Content governance may sound as dry as burnt toast, but when done correctly, it can help you ensure you delight your readers and drive business growth.

Let’s dive into what content governance is and why your organization needs it.

What is content governance?

Content governance is the system, a set of guidelines, that determines how an organization’s content gets created and published. At its most basic level, it can help you avoid getting sued or embarrassed, or both.

When a content governance program lives up to its true potential, it can open the content creation process and help you create more opportunities for your organization to share its value anywhere and everywhere your customers look for information, entertainment, or opportunity.

What is enterprise content governance?

Enterprise content governance is a set of guidelines or a clear decision-making process to help enterprise-level companies develop standards for content creation.

The larger the organization, the more content that’s created. And the more content that’s created, the more important it becomes to have guidelines for creating that content.

Enterprise content governance is different from content management because governance is the responsibility of all stakeholders, not just the content strategists or the individual in charge of managing content on content management systems.

Why your organization needs content governance

There are a few reasons why content governance is essential for companies of any size. Here is what an effective content governance strategy can provide your organization:

  • Consistency: Having a central set of content production guidelines ensures that content is consistent across teams and channels.
  • Efficiency: If you want to create the most efficient content production process, you need to understand the content lifecycle to see opportunities to streamline.
  • Quality: Content governance also improves the quality of your content as writers have access to editorial guidelines and messaging.

Content governance systems

Content governance systems range from exhaustingly detailed to bare bones. What’s right for your organization will depend on your goals and your resources.

For reasons I’ll get into below, I’m not going to hand over a turnkey content governance system. Instead, I’m going to share some ideas that can help you build your own.

Democratize content creation

A good content governance strategy helps you unlock that knowledge so it can be packaged up and shared.

When building your process, your goal should be to level the playing field in a way that empowers more people in your organization to be able to create, approve, and/or own content.

The best way to do this is to remove subjectivity from the process—your goal should be to ensure that virtually anyone at your organization can create content or at least be part of the content approval process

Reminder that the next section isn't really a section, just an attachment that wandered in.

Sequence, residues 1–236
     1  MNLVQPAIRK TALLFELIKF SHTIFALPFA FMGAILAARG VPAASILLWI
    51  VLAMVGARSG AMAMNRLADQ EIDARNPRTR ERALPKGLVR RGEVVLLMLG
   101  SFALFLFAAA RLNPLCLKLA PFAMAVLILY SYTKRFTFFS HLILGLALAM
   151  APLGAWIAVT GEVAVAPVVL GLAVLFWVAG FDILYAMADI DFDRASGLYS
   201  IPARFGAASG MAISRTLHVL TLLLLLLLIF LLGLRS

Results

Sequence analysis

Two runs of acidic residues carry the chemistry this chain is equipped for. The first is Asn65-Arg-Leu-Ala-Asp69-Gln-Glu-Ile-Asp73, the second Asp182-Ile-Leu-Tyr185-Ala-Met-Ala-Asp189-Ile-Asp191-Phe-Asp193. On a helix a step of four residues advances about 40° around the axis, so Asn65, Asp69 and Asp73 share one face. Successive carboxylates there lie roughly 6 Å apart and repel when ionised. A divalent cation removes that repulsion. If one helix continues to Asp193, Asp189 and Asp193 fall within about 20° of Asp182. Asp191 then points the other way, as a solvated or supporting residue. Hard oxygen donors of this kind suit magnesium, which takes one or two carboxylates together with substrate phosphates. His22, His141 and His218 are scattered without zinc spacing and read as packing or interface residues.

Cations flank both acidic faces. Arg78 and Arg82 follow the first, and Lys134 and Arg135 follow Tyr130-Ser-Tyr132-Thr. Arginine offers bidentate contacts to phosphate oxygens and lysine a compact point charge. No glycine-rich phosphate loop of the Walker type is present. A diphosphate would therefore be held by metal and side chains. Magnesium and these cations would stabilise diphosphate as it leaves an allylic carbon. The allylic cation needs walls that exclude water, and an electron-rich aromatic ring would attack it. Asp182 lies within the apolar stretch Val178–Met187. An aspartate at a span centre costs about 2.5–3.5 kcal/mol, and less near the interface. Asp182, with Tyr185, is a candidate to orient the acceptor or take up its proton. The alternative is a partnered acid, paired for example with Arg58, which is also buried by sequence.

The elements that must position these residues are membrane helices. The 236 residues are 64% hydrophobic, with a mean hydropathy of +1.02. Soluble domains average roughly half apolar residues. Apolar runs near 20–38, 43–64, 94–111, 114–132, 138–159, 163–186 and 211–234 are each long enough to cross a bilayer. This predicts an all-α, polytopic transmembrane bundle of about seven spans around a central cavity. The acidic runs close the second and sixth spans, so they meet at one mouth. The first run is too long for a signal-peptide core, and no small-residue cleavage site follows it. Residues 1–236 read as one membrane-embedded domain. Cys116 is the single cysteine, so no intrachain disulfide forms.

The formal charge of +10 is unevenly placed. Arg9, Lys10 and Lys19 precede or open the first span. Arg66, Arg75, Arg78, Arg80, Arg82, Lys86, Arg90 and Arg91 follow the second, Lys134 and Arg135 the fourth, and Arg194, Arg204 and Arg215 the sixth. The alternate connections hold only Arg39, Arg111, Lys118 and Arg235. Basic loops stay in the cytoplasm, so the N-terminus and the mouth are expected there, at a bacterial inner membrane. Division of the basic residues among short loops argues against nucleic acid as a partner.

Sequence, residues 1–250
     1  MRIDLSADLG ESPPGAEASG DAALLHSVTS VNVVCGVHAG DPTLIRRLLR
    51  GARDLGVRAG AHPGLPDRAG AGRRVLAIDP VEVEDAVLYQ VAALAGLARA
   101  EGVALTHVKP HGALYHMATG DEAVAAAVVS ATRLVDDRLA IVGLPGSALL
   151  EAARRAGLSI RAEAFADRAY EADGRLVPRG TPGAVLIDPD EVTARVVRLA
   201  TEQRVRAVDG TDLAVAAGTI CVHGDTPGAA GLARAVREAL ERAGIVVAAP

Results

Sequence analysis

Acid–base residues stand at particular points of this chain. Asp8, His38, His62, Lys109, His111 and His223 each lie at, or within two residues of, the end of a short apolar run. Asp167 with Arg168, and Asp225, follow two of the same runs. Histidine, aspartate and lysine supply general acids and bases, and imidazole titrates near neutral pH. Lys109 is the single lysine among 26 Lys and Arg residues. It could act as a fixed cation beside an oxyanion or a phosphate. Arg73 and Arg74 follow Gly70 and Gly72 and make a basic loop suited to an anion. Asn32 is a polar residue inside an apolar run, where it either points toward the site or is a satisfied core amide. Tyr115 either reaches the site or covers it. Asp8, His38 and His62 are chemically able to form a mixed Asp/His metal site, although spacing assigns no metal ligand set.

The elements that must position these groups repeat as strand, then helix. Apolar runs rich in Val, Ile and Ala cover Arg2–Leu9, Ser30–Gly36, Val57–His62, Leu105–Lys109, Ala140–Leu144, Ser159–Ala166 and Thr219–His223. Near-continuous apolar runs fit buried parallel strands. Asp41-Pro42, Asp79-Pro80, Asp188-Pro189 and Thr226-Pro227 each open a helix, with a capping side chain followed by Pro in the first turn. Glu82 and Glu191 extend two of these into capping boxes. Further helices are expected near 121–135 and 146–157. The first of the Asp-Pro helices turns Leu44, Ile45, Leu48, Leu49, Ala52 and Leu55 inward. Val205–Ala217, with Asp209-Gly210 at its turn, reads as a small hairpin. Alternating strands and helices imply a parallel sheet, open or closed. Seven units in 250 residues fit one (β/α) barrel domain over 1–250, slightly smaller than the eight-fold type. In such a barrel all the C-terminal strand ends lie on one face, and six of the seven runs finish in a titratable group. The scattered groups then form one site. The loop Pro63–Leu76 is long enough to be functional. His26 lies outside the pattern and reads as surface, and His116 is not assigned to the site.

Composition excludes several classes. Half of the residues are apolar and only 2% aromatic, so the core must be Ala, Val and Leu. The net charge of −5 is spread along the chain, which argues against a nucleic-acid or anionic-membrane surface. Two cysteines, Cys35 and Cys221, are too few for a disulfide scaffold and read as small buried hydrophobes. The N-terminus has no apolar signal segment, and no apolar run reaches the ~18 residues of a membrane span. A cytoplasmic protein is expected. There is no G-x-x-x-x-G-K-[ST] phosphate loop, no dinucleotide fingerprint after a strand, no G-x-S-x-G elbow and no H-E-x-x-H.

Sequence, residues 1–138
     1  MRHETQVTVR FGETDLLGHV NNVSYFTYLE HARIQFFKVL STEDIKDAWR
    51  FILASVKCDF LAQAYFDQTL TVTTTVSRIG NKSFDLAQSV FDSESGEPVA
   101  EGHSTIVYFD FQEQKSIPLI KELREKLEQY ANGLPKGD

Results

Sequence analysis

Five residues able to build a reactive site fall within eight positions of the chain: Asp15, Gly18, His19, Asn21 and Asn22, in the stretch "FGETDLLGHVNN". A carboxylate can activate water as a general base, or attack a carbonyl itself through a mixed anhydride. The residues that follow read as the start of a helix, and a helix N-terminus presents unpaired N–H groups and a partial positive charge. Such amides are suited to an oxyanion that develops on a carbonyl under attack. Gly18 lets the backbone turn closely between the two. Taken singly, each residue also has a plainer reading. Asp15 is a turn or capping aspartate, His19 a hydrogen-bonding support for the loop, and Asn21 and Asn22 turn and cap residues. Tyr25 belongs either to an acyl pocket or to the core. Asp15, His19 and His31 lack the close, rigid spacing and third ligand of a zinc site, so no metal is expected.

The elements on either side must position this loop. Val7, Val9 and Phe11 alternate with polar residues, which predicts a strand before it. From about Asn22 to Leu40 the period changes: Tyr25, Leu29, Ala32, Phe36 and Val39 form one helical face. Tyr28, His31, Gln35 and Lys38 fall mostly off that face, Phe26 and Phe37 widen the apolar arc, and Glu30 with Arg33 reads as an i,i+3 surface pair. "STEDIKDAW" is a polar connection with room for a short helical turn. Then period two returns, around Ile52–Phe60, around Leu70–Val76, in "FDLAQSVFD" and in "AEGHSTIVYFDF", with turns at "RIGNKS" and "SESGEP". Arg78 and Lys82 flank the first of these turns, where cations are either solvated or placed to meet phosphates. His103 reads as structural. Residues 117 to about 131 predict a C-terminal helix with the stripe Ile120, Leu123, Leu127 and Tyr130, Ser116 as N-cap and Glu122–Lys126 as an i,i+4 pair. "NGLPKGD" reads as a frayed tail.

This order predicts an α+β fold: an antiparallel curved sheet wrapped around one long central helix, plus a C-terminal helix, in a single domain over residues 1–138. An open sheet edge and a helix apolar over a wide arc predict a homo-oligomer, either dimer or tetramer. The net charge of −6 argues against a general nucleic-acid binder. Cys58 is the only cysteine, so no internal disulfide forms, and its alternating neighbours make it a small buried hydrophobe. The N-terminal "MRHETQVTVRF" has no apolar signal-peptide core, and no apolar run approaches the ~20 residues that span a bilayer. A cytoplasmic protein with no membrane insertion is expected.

Build (or steal) what you need

If you’re a small or medium-sized business, or if you’re at an agency working with a client making their first foray into content creation, you probably won’t need the same governance model a global bank uses.

The more complex the governance process, the longer and more expensive it is to create.

My advice: build like a startup and think of your governance plan in terms of minimum viable product (MVP). Instead of trying to account for every possible contingency, start by asking yourself what the smallest content governance system you need to accomplish your goals would look like.

Another note on building a content governance process: don’t start from scratch! A quick Google search will turn up loads of documents, diagrams, and worksheets on governance. Take what you need, adapt as you see fit.

Good to Know: You can use our checklist to help you get started creating your content governance model. Download it here.

What to do before creating content

Successful content governance starts before a single word has been written or published.

When I talked about opening up the process to more people, the first step is creating a set of expectations and goals that everyone involved with your content creation and publishing understands at the outset. That means getting a few things down on paper.

1. Assign ownership

Review by committee is as bad for creativity as it is for quality control. Your content governance process should be built to assign one person the responsibility of approving content.

That person doesn’t have to be an editor, content marketing pro, or a subject matter expert. Instead, the content owner’s job is to work with creators, editors, and SMEs to ensure the final product meets your organization’s standards and goals.

By creating a simple checklist, you can empower people throughout your organization to own content. And remember, content ownership isn’t just about burdening someone with responsibility. It’s about giving them a stake in the final product so they’re motivated to produce great content.

2. Orient content creators

You, or anyone creating content, should always be able to answer one question: why am I making this? This not only ensures you’re not contradicting other content being produced, but it also creates an opportunity to cross-pollinate and draw from the full breadth of expertise across your company.

If you’re creating content, and especially if you’re asking others to create it for you, everyone involved should have a clear understanding of how a particular piece of content fits into your organization’s content ecosystem.

Start by creating a map of all the channels and content types your organization uses. This helps ensure content across all your channels is pulling in the same direction.